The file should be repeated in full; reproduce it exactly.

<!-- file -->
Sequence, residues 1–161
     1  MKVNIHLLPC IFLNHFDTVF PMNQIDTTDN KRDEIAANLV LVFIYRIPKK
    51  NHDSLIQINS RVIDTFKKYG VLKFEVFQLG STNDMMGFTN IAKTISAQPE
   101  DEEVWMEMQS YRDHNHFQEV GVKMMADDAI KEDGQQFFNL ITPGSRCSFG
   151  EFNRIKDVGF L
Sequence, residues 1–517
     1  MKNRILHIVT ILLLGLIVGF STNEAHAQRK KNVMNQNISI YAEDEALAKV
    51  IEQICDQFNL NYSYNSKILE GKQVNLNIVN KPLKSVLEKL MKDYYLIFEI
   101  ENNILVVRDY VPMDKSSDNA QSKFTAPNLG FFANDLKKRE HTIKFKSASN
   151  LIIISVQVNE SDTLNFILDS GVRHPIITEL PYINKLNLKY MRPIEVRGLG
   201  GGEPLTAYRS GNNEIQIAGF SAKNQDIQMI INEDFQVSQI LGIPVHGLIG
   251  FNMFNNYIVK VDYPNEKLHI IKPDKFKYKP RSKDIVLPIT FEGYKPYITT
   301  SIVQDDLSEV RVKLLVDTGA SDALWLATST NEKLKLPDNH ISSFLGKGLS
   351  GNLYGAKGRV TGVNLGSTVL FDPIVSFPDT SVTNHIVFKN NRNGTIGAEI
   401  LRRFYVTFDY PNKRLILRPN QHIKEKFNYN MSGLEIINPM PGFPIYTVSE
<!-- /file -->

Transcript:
Sequence, residues 1–161
     1  MKVNIHLLPC IFLNHFDTVF PMNQIDTTDN KRDEIAANLV LVFIYRIPKK
    51  NHDSLIQINS RVIDTFKKYG VLKFEVFQLG STNDMMGFTN IAKTISAQPE
   101  DEEVWMEMQS YRDHNHFQEV GVKMMADDAI KEDGQQFFNL ITPGSRCSFG
   151  EFNRIKDVGF L
Sequence, residues 1–517
     1  MKNRILHIVT ILLLGLIVGF STNEAHAQRK KNVMNQNISI YAEDEALAKV
    51  IEQICDQFNL NYSYNSKILE GKQVNLNIVN KPLKSVLEKL MKDYYLIFEI
   101  ENNILVVRDY VPMDKSSDNA QSKFTAPNLG FFANDLKKRE HTIKFKSASN
   151  LIIISVQVNE SDTLNFILDS GVRHPIITEL PYINKLNLKY MRPIEVRGLG
   201  GGEPLTAYRS GNNEIQIAGF SAKNQDIQMI INEDFQVSQI LGIPVHGLIG
   251  FNMFNNYIVK VDYPNEKLHI IKPDKFKYKP RSKDIVLPIT FEGYKPYITT
   301  SIVQDDLSEV RVKLLVDTGA SDALWLATST NEKLKLPDNH ISSFLGKGLS
   351  GNLYGAKGRV TGVNLGSTVL FDPIVSFPDT SVTNHIVFKN NRNGTIGAEI
   401  LRRFYVTFDY PNKRLILRPN QHIKEKFNYN MSGLEIINPM PGFPIYTVSE